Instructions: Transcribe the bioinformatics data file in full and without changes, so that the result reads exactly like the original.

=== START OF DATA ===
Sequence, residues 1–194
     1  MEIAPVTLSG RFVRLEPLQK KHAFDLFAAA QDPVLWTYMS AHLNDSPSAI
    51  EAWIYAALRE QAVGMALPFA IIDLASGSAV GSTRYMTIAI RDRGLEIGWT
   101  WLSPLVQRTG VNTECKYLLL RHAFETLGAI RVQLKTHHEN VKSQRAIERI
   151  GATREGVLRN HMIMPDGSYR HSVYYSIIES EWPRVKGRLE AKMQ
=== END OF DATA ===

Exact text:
Sequence, residues 1–194
     1  MEIAPVTLSG RFVRLEPLQK KHAFDLFAAA QDPVLWTYMS AHLNDSPSAI
    51  EAWIYAALRE QAVGMALPFA IIDLASGSAV GSTRYMTIAI RDRGLEIGWT
   101  WLSPLVQRTG VNTECKYLLL RHAFETLGAI RVQLKTHHEN VKSQRAIERI
   151  GATREGVLRN HMIMPDGSYR HSVYYSIIES EWPRVKGRLE AKMQ